The great fire was a wake up call to Lake Linden, prompting the village to institute new rules and regulations when it came to what could be rebuilt in the fire’s wake. After the flames were doused and the wreckage cleared the village instituted a strict fire code along its main commercial avenue. The code called for any new structure erected downtown to be built out of fire proof materials – stone or brick. It was an attempt to keep those fateful events of May from ever happening once again. The irony of it all, however, was that the great fire originated in just such a fire proof building, and ended up destroying a few other brick and stone blocks along the way. In the end it might have all been just lip service to quell the nervous insurance companies and keep rates down to hasten the rebuilding process. But whatever the true motive might have been, the results were still the same. Within a year the village had rebuilt, and had populated its main commercial thoroughfare with a line of impressive stone and brick business blocks.
No where is this more apparent then here in the heart of the village, where an almost unbroken line of brick and stone buildings occupy the street-scape. A total of four of these buildings were in fact built the same year as the fire, an amazingly quick turnaround for a village that had just suffered such destruction.
One of those early pioneers to the block was this rather modest brick commercial block known as the Therrian Building. Charles Therrian was yet another victim in the great fire, having lost both his saloon business and residence on that fateful day. Yet like most Lake Linden residents, the businessmen was determined to rebuild. The result was this iron framed two story brick building just down the street from the Bosch Building. Therrian apparently did not re-open his saloon, but instead rented out the two first floor storefronts to house various other business. He did, however, use the top floor for his own residence.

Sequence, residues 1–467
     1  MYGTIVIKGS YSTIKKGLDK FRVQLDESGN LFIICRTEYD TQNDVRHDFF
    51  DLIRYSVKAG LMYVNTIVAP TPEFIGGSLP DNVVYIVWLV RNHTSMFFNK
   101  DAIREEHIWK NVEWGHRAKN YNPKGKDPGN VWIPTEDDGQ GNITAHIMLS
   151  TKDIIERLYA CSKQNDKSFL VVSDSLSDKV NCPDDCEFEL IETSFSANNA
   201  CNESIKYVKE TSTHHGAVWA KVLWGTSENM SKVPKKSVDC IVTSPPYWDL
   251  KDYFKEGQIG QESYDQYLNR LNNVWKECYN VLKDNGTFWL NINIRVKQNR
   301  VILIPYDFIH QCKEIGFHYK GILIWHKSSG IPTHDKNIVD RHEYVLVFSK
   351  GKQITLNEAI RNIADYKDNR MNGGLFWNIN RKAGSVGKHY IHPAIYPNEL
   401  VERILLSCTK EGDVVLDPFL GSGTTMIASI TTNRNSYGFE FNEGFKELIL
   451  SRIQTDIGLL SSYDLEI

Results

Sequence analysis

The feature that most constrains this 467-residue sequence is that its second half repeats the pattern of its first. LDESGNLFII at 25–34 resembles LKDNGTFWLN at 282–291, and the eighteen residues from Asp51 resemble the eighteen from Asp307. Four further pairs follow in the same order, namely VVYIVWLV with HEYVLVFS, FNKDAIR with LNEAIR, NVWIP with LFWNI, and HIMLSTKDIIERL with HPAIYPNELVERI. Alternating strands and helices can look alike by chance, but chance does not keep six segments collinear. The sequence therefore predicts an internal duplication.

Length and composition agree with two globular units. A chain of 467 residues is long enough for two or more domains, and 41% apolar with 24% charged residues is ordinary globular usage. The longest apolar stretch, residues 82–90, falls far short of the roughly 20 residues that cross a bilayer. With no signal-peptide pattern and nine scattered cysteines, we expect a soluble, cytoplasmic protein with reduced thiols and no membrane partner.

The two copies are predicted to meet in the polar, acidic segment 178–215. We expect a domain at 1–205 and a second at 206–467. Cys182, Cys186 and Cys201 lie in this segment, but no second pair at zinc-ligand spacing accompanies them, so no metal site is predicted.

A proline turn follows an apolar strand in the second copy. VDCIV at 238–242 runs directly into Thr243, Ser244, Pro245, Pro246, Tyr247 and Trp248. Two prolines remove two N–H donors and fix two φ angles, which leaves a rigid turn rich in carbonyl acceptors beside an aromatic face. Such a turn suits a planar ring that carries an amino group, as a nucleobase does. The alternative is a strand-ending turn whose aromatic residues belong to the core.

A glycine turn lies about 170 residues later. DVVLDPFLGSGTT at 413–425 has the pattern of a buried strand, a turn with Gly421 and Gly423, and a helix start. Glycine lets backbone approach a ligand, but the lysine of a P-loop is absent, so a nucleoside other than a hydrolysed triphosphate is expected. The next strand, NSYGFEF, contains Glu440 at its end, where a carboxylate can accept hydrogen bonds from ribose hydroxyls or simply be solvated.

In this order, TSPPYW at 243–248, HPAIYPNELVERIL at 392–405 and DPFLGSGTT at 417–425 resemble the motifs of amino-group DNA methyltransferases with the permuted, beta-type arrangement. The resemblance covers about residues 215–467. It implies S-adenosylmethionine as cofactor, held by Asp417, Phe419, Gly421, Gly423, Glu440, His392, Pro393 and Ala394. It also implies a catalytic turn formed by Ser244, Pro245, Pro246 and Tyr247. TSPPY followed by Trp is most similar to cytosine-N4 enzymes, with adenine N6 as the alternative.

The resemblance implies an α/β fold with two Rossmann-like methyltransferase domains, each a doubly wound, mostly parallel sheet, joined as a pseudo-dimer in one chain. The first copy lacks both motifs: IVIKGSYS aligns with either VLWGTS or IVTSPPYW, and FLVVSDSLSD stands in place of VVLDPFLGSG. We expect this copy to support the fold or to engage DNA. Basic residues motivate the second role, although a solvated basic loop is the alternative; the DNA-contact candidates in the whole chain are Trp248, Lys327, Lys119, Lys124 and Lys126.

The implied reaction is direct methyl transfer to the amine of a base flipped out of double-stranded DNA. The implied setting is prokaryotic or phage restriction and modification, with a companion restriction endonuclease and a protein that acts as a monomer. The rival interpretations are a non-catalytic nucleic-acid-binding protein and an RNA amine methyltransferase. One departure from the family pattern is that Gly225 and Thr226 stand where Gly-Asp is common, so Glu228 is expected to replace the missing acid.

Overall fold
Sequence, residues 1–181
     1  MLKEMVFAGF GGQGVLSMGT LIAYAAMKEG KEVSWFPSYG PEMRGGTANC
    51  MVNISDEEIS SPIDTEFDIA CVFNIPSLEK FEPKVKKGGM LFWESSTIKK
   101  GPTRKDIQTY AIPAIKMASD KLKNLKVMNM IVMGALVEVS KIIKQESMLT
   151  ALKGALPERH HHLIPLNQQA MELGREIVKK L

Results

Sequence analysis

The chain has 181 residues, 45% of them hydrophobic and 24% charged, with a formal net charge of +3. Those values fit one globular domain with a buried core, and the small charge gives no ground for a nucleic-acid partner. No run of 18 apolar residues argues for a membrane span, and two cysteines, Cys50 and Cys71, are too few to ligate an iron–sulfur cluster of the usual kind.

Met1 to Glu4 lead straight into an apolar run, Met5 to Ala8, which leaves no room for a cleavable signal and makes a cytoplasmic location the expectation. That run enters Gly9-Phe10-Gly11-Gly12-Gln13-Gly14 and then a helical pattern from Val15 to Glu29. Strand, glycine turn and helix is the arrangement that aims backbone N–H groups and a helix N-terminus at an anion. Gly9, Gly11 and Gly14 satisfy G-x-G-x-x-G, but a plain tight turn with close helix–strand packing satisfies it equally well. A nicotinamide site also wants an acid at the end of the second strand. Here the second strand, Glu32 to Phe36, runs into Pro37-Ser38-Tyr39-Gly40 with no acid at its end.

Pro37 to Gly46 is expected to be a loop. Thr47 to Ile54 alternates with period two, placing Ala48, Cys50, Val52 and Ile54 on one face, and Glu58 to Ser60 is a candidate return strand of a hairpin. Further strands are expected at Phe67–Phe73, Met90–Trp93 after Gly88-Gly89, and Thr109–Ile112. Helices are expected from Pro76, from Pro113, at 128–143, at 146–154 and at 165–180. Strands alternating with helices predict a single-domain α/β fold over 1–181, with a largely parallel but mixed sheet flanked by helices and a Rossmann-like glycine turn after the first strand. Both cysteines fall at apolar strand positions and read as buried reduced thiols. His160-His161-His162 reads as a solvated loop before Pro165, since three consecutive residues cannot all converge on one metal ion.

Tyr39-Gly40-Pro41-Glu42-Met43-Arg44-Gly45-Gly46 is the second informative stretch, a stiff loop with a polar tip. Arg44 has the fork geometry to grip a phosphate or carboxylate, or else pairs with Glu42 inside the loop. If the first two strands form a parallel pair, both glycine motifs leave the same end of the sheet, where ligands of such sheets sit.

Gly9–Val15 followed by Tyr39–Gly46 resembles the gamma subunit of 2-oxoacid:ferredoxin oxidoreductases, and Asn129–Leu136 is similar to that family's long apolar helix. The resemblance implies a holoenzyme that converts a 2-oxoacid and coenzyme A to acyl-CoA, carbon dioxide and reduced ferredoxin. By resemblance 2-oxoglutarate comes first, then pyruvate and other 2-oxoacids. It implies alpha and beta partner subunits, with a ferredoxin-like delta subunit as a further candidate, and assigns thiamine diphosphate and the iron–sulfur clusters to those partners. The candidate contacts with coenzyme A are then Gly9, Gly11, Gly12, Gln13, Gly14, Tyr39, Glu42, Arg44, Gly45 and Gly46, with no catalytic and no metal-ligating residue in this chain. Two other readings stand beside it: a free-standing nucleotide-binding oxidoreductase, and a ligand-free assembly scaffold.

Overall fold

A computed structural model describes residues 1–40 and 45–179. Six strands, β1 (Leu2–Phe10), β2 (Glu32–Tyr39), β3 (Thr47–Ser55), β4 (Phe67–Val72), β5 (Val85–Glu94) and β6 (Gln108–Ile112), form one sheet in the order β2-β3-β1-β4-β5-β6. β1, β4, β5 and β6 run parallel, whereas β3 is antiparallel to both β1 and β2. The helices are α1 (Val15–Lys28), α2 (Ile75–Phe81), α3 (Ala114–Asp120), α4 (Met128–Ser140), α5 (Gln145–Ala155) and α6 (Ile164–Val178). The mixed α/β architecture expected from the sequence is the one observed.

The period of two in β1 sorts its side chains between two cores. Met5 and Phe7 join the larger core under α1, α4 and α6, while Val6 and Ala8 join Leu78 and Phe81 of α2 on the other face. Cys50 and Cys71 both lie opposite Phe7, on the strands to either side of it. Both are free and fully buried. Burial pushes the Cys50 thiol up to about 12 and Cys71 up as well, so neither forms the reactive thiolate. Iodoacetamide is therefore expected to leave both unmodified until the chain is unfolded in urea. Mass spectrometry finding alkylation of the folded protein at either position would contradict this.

Amazingly the first floor of the Therrian Building looks to be remarkably intact, having been spared from any unfortunate “modernization” efforts during its lifetime. While some new siding may have been applied to the buildings transom windows above the storefronts, the entries to those storefronts managed to still feature their prism glass transom windows.
Another interesting item that seems to have survived the years are the pair of pole mounted insulators sitting right above the upper floor entrance. This seems like an awfully dangerous place to connect power lines to a building, so perhaps they just appear to be a pair of insulators hanging off the building and served some other purpose instead.
Without the blasphemy of exterior modernization, the building’s original iron posts can also still be seen in all their painted glory along the front of the building. One of the posts is stamped with the name and address of its maker, which happens to be a local firm. The S.F. Hodge Lake Superior Iron Works was a foundry in Ripley that dealt primarily with stamp shoes and other mill equipment. Hodge himself was a Cornish immigrant that had already built himself a successful foundry and engine works shop in Detroit, opening a satellite business here in the Copper Country around 1870 to serve the burgeoning mining industry. A business that apparently also dealt in structural posts and beams.
Upstairs the building is rather plain and uninspiring, its only piece of flair being sandstone sills under the windows and segmented brick arches over them. A rather plain dentil style cornice tops the building.
The Therrian Building was originally joined by a small iron sheathed building to the north and a warehouse to the south. Both structures are now gone, and have been replaced by the quintessential 20th century contribution to the landscape – parking lots.
As we continue on we find ourselves staring at a long line of buildings finishing off the block – buildings that were all connected together by a rather awful modern facade. We tackle that tomorrow…
To Be Continued…